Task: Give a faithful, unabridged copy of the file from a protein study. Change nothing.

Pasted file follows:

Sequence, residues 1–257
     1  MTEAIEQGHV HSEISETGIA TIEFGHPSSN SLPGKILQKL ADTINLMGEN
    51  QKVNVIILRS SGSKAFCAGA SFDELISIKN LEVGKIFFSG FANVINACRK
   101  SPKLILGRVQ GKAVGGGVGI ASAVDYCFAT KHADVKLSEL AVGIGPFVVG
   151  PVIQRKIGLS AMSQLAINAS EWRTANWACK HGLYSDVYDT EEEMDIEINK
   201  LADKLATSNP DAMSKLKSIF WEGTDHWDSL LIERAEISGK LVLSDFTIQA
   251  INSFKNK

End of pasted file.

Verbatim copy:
Sequence, residues 1–257
     1  MTEAIEQGHV HSEISETGIA TIEFGHPSSN SLPGKILQKL ADTINLMGEN
    51  QKVNVIILRS SGSKAFCAGA SFDELISIKN LEVGKIFFSG FANVINACRK
   101  SPKLILGRVQ GKAVGGGVGI ASAVDYCFAT KHADVKLSEL AVGIGPFVVG
   151  PVIQRKIGLS AMSQLAINAS EWRTANWACK HGLYSDVYDT EEEMDIEINK
   201  LADKLATSNP DAMSKLKSIF WEGTDHWDSL LIERAEISGK LVLSDFTIQA
   251  INSFKNK